Rare English harpsichord saved for nation

Gainsborough’s House, has acquired a rare 18th century English harpsichord for £91,000, saving this important musical instrument for the nation. The Joseph Mahoon (fl. 1729 – 1771; d.1773) double-manual harpsichord, is significant because it is the only one of its type known to exist, and one of only two surviving instruments from the 1730s. This is particularly important as it was made when London was at the forefront of instrument-making among the major cities of Europe.

The keyboard, made in London in 1738, was blocked from export by the Department for Digital, Culture, Media and Sport in early 2019 to provide an opportunity to keep it in the country. The ban gave enough time for Gainsborough’s House to step in and save the instrument with the help of generous funding from the National Heritage Memorial Fund, Art Fund and the V&A Purchase Fund. The harpsichord will go on display to the public at the Gainsborough’s House from Wednesday 4 September.

Mark Bills, Director of Gainsborough’s House, commented: ‘This acquisition not only saves for the nation an important cultural object from the age of Gainsborough, but provides a centrepiece for the artist’s childhood home and the focus for the exploration of the musical world that he was so passionate about.’

Gainsborough had a deep passion for music. He counted many musicians amongst his closest friends, and he was a passionate amateur musician owning and playing many musical instruments, including five viola da gambas. The
harpsichord will be on display from 4 September until the House closes on 27 October for major renovations and a 500 square metre gallery extension. It will re-open in Summer 2021 as the National Centre for Gainsborough. The
harpsichord will be a central feature of the new displays in an historic room that explores Gainsborough and music.

Supported by:

National Heritage Memorial Fund
The National Heritage Memorial Fund (NHMF) was set up in 1980 to save the most outstanding parts of our national heritage, in memory of those who have given their lives for the UK. It will receive £5 million of Government grant in aid in 2019/20. www.nhmf.org.uk.
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The Capital Project Reviving an Artist’s Birthplace: A National Centre for Gainsborough: Gainsborough’s House was recently awarded a £4.7m Heritage Fund grant towards a project to transform the site into a national centre celebrating the life of 18th-century artist. At the heart of the project is a development, which will refurbish and redisplay the museum’s historic buildings as well as to create a new gallery extension to house an ambitious programme of temporary exhibitions. Gainsborough’s House closes its doors on 27 October 2019 to reopen transformed in Summer 2021.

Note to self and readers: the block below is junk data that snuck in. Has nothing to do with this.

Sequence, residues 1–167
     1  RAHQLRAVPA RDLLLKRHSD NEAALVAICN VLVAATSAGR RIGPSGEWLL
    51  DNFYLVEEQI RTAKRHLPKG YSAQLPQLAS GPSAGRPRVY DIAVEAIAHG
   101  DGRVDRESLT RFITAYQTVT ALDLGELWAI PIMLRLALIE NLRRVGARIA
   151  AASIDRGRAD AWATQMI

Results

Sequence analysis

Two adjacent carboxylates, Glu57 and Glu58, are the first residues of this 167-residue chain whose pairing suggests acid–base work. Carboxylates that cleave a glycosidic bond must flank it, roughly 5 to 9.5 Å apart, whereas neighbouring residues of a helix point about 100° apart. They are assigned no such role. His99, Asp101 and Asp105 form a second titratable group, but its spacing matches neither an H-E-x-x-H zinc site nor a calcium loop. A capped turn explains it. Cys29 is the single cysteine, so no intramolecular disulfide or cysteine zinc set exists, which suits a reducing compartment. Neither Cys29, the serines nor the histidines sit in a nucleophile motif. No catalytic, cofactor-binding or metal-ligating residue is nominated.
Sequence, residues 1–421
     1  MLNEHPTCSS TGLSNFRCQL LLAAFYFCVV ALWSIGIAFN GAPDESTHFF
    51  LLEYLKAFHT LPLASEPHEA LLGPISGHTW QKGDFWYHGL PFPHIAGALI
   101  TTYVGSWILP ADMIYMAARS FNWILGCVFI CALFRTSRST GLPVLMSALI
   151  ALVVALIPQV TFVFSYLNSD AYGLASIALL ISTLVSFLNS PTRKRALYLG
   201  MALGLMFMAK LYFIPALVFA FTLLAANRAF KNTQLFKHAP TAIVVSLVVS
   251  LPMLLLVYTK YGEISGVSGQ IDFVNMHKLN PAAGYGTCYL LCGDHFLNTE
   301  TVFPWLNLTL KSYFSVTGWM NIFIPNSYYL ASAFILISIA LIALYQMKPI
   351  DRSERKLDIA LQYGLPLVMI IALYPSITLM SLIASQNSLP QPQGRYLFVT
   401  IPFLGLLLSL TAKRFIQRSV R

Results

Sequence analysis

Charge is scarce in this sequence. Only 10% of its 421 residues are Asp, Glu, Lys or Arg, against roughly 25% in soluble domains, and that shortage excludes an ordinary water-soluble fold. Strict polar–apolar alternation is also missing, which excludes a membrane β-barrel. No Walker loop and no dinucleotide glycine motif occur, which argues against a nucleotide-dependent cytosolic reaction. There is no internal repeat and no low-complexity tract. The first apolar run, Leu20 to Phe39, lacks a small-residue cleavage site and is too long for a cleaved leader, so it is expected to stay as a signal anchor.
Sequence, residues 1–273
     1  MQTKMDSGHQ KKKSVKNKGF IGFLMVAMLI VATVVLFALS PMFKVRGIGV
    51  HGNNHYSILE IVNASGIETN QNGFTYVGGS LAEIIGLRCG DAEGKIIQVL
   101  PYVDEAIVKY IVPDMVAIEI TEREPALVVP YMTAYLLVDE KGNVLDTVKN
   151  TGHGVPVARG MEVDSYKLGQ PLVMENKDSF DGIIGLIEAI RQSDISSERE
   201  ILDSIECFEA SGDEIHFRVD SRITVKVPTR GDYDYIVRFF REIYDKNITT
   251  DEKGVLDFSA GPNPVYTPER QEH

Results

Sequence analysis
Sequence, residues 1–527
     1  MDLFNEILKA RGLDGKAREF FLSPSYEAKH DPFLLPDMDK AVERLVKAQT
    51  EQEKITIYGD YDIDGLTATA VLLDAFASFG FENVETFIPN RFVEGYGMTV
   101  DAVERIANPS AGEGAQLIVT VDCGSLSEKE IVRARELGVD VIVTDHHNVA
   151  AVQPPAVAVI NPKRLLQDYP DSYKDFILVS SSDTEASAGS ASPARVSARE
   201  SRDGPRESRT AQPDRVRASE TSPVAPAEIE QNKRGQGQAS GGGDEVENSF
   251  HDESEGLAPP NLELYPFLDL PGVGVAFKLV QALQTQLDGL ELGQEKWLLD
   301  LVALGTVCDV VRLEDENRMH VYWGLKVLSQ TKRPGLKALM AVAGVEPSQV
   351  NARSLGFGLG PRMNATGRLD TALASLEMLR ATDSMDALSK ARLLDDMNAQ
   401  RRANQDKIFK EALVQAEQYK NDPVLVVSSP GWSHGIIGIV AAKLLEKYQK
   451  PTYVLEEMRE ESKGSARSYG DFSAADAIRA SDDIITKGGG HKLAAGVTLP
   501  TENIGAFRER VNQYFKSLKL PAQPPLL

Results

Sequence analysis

More at www.gainsborough.org and follow us on Twitter @GH_Sudbury.

Art Fund
Art Fund is the national fundraising charity for art. In the past five years alone it has given £34 million to help museums and galleries acquire works of art for their collections. It also helps museums share their collections with wider audiences by supporting a range of tours and exhibitions, and makes additional grants to support the training and professional development of curators. Art Fund is independently funded, with the core of its income provided by 151,000 members who receive the National Art Pass and enjoy free entry to over 240 museums, galleries and historic places across the UK, as well as 50% off entry to major exhibitions and subscription to Art Quarterly magazine. In addition to grant-giving, Art Fund’s support for museums includes Art Fund Museum of the Year (won by St Fagans National History Museum near Cardiff in 2019) and a range of digital platforms.

Find out more about Art Fund and the National Art Pass at www.artfund.org